| by Amelia Seepersaud

Language Schools students arrive on the first day of the Language Schools.

MIDDLEBURY — Each summer, Middlebury College welcomes over 1,500 students onto its campuses to learn any of the 13 languages offered by its Summer Language Immersion programs.

As the programs start off in late June/early July, each student takes the language pledge in which they agree to speak only the language they are learning for the entire seven to eight weeks of the program. Students attend classes, eat meals, participate in clubs and activities entirely in the language of their school. 

Having been around for over a century, the language school has been a proven successful program for language acquisition.

But since the schools opened in 1915, a variety of theories of language acquisition have been developed and the discussion around effective methods towards language acquisition has broadened. In particular a more recent movement known as “translanguaging” offers a perspective that slightly diverges from the pedagogy the language schools currently follow.

“In translanguaging you draw on your first language as a resource,” said Middlebury Professor of Writing and Linguistics Shawna Shapiro.

Shapiro discussed the shift that has been happening in classrooms away from “monolingual language ideologies.” She explained that with these ideologies there is a sense that it is necessary to stay in the language you are learning as much as possible and that your first language is a threat to the language learning process. 

But, Shapiro believes that the translanguaging approach can be beneficial as it allows the learner to create connections and pull from the knowledge of their first-language to build their skills in the new language. 

But Shapiro also has reservations with this approach. She reflected on her own experience having studied language in college. 

“I studied abroad in Spain and we didn’t have a language pledge,” she said. “A lot of the other American students studying with me were using English.”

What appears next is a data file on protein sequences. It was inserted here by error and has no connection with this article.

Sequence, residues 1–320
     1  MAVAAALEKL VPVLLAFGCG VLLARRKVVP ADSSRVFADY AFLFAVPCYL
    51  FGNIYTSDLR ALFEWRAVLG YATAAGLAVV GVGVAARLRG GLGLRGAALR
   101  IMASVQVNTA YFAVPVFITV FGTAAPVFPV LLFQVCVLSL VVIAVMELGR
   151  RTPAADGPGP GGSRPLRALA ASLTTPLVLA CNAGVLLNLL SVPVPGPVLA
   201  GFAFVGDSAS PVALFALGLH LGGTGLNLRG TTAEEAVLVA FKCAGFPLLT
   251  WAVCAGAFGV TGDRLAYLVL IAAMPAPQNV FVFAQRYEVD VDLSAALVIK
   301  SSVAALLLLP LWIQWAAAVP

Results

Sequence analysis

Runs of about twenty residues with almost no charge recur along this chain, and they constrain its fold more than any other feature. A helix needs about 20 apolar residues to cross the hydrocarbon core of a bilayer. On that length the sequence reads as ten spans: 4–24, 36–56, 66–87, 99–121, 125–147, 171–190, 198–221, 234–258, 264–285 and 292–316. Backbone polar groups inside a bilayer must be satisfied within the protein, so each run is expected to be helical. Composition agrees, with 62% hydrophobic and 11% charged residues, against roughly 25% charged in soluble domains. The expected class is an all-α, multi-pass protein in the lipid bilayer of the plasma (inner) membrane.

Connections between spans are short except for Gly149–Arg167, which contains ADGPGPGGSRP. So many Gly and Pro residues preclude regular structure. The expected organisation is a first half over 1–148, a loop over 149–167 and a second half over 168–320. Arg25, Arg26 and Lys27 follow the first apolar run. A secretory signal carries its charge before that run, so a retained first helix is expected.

She had a Spanish-speaking friend with whom she was able to speak in Spanish. 

“I was lucky to challenge myself linguistically,” she continued. “Something like a language pledge can be an external motivator.”

She says for most people having their own intrinsic motivation is the number one factor of successfully learning a language.

Shapiro as well as Associate Dean of Language Schools Thor Sawin agree on the fact that part of what makes the language schools work is that it is a select group of students who actively opted into an immersion program like this.  

Sawin explains that the discomfort that comes with full immersion into a language is what fosters the language learning process in the language schools. 

“Regardless of which of those theories you ascribe to, they all place a high value on interacting with another speaker of the language where you both desire to complete the interaction,” he said. “I’m invested in what you’re saying to me, you’re invested in my response back and we have to work together. It’s in that microlevel, rephrasing something, restating it again, asking ‘do I say it this way,’ ‘what’s the difference between this and this,’ ‘is this what you wanted to say?’ That back and forth, that’s actually where a lot of the long lasting value in language acquisition comes from.”

Current School of French level 3 student Orlando Caceres told the Independent that he is enjoying his experience in the language schools this summer. 

“I was excited,” he said (translated from French). “I think I’ve had a good experience up until now because I like the summer, I like the classes, with the sun it’s better than the winter. I like the community here.”

Caceres plays volleyball with other students in the French school twice a week, which has been a big source of community for him this summer. Through the activity he was able to make friends and use the French skills he learns in his classes each day. 

The main challenge for Caceres has been knowing that he has a lot of friends on campus in other language schools that he can’t speak to. He is also a student at Middlebury College during the school year, he’s going into his junior year now as a Global Security Studies major. 

“I have a lot of friends from the academic year who are here. But, they don’t speak French, not really,” he said. “I think that it’s a little difficult because it’s necessary to not speak to your friends. But I think it’s just the life here. It’s not so easy but we can do it.”

The language schools also try to offer resources to students who may be particularly struggling with the demands of the pledge. Caceres said he felt the French school administration was very willing to offer support and flexibility to students when they’re struggling. Sawin also noted that there is a language schools support group offered through the counseling centers in which students can discuss in English the challenges of the pledge. 

Sawin believes that the language immersion that Middlebury fosters is a unique community of language learners and that students grow each summer because of their own desires to learn and improve together. “I really don’t think that what we do here at Middlebury is for every kind of learner in every kind of situation,” he said. “But it’s delivering an element that is often missing and the other options that are available in the American language market.”